A list of the greatest compliments you can receive, in no particular order:
1. Someone tells you that you look younger than you are. This never gets tiresome.
2. Someone who never gives compliments gives you a compliment. Then you know it’s really genuine.
3. A client comes back to work with you for a second project!
You may remember a few years back our Caulfield bathroom which was one of the Houzz Top 10 Bathrooms of the Year. In that initial phase we updated our clients’ Master Bathroom and Kids baths, turning a jack and jill bath into two separate bathrooms for their teenage son and daughter.
At the end of that project, we always ask our clients about their experience, what they loved, and what we could be doing better. After this project, our clients told us: “We loved working with TLD! We are already brainstorming our next project and you will be our first call!”
Two years later, they did! It was time to renovate the kitchen, family room, and dining rooms to fit the new aesthetic that we’d begun with their bathrooms.
Our clients design style leans contemporary, lightly mid century, colorful, and fresh. Their existing kitchen...wasn’t any of those things.
As with many 1970’s Dallas homes, the layout was a bit awkward. A peninsula separated the kitchen from the breakfast area and living room. The cabinets didn’t go all the way to the ceiling (though the furr-downs had been covered with faux doors at some point to make it look like they did), and overall the space was isolated and dim. Also weirdly antiquey yellow.
Our clients wanted more connection between the kitchen and the family room.
The main goals:
To be able to cook and interact with the family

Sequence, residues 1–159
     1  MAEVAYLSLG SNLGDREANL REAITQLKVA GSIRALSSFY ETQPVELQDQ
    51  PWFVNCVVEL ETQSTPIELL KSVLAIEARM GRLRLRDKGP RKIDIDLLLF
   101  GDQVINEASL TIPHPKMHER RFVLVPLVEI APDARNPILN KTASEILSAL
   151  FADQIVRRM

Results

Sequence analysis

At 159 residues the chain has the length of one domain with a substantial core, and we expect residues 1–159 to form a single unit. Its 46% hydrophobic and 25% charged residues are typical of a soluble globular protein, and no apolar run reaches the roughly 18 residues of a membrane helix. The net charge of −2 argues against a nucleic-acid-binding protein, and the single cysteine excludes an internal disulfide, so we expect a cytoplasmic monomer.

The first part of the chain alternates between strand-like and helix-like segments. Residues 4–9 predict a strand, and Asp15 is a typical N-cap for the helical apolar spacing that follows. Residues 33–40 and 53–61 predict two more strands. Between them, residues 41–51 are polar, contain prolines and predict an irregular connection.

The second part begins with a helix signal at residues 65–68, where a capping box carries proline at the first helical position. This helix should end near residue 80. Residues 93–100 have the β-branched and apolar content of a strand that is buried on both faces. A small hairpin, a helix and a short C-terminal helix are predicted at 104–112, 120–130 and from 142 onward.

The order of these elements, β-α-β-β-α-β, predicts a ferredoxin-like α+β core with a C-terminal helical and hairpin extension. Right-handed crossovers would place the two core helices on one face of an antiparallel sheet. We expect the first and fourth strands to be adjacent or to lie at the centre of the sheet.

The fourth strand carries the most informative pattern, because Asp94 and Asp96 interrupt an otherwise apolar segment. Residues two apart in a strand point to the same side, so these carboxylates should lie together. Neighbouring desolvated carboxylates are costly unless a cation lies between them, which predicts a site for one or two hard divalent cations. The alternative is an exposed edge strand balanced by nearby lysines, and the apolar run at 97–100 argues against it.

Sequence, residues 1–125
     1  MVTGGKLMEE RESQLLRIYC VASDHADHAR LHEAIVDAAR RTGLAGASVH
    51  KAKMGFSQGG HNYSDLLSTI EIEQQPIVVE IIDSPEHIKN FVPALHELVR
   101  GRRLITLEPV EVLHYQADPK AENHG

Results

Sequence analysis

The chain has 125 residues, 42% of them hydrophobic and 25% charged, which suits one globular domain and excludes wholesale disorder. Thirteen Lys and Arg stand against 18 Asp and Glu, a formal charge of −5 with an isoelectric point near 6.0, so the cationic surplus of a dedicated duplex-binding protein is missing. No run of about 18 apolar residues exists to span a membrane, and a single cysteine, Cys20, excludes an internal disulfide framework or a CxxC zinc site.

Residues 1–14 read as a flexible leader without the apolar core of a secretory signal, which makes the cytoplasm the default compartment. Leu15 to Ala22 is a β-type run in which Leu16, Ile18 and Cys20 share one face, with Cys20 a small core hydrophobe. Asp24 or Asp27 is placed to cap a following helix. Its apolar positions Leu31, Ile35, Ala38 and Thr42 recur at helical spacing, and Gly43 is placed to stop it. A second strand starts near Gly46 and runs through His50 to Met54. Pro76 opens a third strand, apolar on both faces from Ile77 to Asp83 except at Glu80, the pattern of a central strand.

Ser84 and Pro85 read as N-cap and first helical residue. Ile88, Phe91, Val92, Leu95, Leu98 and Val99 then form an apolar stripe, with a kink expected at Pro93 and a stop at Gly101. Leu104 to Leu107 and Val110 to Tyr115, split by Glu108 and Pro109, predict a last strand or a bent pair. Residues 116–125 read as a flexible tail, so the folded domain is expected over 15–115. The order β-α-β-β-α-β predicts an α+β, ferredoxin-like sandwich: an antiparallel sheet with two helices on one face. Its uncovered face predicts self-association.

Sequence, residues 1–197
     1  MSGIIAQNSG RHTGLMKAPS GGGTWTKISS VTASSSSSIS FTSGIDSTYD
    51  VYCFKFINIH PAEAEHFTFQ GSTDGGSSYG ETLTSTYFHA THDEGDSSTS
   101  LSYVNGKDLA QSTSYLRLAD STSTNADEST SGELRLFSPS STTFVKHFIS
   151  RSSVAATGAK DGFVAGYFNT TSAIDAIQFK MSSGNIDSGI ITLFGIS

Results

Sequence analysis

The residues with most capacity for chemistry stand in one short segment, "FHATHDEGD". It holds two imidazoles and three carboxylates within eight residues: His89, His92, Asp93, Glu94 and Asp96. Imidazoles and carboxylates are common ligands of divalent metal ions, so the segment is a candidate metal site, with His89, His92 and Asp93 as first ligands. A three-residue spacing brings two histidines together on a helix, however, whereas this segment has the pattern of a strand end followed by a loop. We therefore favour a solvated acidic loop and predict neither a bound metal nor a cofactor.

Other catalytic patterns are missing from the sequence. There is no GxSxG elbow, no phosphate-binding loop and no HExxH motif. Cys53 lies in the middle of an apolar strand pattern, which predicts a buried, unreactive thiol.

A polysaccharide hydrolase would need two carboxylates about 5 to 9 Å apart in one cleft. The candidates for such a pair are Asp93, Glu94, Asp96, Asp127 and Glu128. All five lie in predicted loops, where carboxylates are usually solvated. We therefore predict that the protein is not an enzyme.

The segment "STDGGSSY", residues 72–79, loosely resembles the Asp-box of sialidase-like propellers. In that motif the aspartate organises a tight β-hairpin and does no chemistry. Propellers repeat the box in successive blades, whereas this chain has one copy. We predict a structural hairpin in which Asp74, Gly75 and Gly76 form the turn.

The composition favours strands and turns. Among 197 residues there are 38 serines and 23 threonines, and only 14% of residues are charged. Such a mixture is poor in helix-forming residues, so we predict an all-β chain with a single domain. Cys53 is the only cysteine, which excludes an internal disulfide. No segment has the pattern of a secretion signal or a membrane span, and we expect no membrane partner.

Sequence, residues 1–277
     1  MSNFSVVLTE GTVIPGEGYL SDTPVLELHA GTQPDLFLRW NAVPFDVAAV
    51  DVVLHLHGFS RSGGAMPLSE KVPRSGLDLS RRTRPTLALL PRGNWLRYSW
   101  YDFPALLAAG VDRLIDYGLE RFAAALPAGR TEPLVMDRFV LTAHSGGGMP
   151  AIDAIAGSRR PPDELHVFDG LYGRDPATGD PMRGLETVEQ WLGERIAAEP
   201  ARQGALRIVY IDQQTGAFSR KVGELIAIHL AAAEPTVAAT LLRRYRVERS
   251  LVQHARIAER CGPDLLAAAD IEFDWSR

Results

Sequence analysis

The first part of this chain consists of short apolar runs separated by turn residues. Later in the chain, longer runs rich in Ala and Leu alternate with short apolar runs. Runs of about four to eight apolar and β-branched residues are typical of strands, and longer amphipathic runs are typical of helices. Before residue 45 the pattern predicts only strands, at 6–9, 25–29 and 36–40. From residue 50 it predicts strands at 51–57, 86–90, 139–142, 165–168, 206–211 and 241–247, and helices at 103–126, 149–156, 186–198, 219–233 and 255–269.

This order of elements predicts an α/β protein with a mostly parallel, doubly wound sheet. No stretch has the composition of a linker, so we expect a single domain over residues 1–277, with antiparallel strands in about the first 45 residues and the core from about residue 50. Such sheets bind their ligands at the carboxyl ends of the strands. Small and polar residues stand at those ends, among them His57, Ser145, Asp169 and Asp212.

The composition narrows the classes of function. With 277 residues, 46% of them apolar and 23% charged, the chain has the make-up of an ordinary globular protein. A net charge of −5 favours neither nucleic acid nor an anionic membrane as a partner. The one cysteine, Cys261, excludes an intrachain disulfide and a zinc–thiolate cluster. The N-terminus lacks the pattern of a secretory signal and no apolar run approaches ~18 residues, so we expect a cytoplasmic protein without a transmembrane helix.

A large island to replace the breakfast area
A more modern looking kitchen that would follow the same design style as the renovated bathrooms.
On most of our projects, we create a few layout options to show how we can maximize the space. Usually there is a low-impact option and a high-impact option. Sometimes we can just widen an opening between the two rooms to achieve that goal. In this case, to get the connection they were longing for between the kitchen and living room, we had to go BIG and remove the wall between those spaces.
You can see in the before plan and photos, there were a pair of closets on either side of the TV in the
Living Room. The one on the left was the main coat closet, and the one on the right was the pantry (pretty inconvenient to have your pantry in the LIVING ROOM if you ask us).
We removed those closets and stole a few feet from the dining room (it was really large and wouldn’t miss the space at all) to open things up. This required adding a mega beam to carry the weight of the second story.
A happy surprise – in doing this, our contractor found that we could raise the ceiling from 8’ to 9’ in this area! It was an extra cost, but friends, if you learn NOTHING else from this blog post – if you can ever raise the ceiling in your space, DO IT. No single thing (possibly other than adding daylight) can change the experience of a space more than lifting above a normal ceiling height. It makes alllllllllll the difference.
Now we had the extra space we needed in the kitchen to add a large island, create a true pantry where the odd butler’s pantry/hallway had been before, and maximize the functionality of this kitchen.
THE FINAL PRODUCT
With the pantry gone and wall shifted, the kitchen is now open and connected to the living room.
We removed the sliding patio door and opted for a single swinging door. This gained us 3’ of precious cabinet space and allowed us to relocate the refrigerator to a better location.
To compensate for the loss of daylight, we enlarged the window over the sink to a modern extra-wide size.
A specific (and somewhat unusual) request from our clients was to locate the cooktop in the island. Usually it’s the kitchen sink that goes in the island, but he really wanted to be able to chat with the family and interact while cooking on the stove. We are big believers in "do what works for you and not what everyone else does" and this is the perfect example.
It was important to us that we didn’t have some mega-large eyesore of a vent hood coming down over the cooking surface and impeding the view that we’d spent so much effort in creating. A downdraft vent hood (which pops up from the counter and exhausts down and under the house, and eventually outside) wasn’t a great option since we had a slab foundation. After a bit of research the Team found a flush ceiling mounted exhaust fan that was powerful enough to exhaust the cooktop and not impede the view at all. Huge win.